The first being that we, as a church in general, have a bad reputation, even if we don't personally don't deserve that label; it seems that before we even open our mouths to witness or encourage others to join us, the door has already closed.
the media take us to pieces…
quite rightly, for our divisions, our disagreements, our judgemental attitudes, some denominations more than others…) our depravity in some cases and our liberalism on one hand and on the other our immovability.
But to be fair… in all families, there are those who break laws, who come over heavy handed, there are those who are lax, those who give the family a bad name and so on.
It doesn't mean the entire family is rotten or guilty, does it?
There is no more beautiful a faith than Christianity, we have to show this in our lives and in our words and actions!
There is no more beautiful a Lord and Master as Jesus. He cannot be faulted!
Secondly the steward was prepared to do an about turn.
Whether we like it or not, the younger generation, think that we have a stranglehold on worship, on the prayers we pray, the hymns we sing; they think our traditional ways are as if set in stone, and they say in a report in the Times this week, that they want spirituality, but not church; that they would even find a quiet church attractive.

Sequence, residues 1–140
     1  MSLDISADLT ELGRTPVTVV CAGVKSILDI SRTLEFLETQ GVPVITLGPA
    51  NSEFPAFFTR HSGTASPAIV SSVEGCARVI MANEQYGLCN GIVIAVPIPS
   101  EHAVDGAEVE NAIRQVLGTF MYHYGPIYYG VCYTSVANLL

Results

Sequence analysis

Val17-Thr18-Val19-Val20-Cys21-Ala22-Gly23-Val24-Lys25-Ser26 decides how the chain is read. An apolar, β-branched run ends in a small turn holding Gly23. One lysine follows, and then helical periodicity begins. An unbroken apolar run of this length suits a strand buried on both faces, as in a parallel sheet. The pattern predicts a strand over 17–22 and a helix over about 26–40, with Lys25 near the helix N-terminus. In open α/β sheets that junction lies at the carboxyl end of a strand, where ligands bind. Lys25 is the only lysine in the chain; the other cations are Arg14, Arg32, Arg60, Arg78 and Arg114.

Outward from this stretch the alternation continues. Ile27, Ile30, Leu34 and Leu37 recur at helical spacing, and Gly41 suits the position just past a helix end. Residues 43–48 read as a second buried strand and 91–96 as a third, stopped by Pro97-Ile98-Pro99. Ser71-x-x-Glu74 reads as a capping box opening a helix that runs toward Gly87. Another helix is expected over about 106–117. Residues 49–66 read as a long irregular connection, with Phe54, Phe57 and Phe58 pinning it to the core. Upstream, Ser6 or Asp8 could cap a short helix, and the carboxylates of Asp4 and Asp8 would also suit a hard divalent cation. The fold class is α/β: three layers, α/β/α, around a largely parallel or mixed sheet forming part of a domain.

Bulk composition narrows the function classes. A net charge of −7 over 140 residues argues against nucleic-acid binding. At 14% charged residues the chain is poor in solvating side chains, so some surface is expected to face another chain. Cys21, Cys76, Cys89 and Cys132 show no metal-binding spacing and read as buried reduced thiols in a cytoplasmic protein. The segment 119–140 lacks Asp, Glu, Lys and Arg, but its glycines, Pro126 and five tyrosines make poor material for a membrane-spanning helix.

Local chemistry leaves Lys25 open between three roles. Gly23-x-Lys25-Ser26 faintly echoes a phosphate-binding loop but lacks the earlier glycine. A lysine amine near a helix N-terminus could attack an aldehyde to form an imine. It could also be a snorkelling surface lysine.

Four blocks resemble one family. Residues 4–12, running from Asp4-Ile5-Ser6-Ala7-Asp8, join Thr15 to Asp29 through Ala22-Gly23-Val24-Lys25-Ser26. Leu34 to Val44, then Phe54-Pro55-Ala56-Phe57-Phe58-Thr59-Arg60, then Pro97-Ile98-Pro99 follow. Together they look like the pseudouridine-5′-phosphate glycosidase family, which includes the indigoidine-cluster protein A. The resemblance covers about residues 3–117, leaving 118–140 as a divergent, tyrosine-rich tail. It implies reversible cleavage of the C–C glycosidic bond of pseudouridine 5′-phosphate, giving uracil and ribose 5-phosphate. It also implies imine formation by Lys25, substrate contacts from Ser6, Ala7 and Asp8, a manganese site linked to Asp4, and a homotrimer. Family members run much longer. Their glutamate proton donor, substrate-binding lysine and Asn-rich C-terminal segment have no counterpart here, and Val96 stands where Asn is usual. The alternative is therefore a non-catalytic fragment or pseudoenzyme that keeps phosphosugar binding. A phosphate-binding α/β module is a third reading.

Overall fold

The difficulty to church leaders is how to make those church doors seem less intimidating and dull!
How about getting resourceful, and taking an audit also of our strengths, and what IS going well for us, where our strongest gifts lie, and in whom will look to for strength, we must learn to use and encourage our visionaries, and encourage and support these who dare to act before it's too late? ‘Fresh expressions’ needed! (new movement within the church)
But we can all play a part in going where the people are.
We each have access to the most unique circle of friends.
How can God use us to reveal himself to them? Are we brave enough to take action or chat our faith?
We must also go where the glory of God is revealing itself in our churches and learn to look around us and see what IS working and go with it. We will need to become engaging rascals, with nous, and be ready to put into practice the RADICAL REFORMS our leaders (or future leaders) think necessary.
Over the years we have been encouraged to play our part, attend regularly, as long as we are right with God, and we've made our communion, what else matters? Many think this way. This is an individualistic approach to faith, but it is certainly not a Christian one. I believe we will have to give account of ourselves before our Maker, for the fields of harvest which were sadly laid to waste, rather than be harvested.
And so we reflect today on a very crafty servant, who probably enjoyed the end task far more than his original brief... and who probably found he enjoyed making others happy for the first time in his life~ releasing other's from their burdens and setting them free-er. He became the bearer of Good News, he became a people person~approachable~merciful~ a friend to all. I'm sure we can all achieve this.
And so we ask ourselves this:-
Will OUR quick thinking, sharp minded, heartfelt actions and attitudes, be commended by our master, when He comes in glory.